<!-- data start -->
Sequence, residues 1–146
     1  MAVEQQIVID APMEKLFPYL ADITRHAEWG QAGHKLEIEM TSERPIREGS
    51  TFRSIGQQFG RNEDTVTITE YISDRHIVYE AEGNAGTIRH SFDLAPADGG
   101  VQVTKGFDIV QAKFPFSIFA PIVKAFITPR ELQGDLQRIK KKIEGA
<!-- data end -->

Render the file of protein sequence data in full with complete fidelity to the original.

Sequence, residues 1–146
     1  MAVEQQIVID APMEKLFPYL ADITRHAEWG QAGHKLEIEM TSERPIREGS
    51  TFRSIGQQFG RNEDTVTITE YISDRHIVYE AEGNAGTIRH SFDLAPADGG
   101  VQVTKGFDIV QAKFPFSIFA PIVKAFITPR ELQGDLQRIK KKIEGA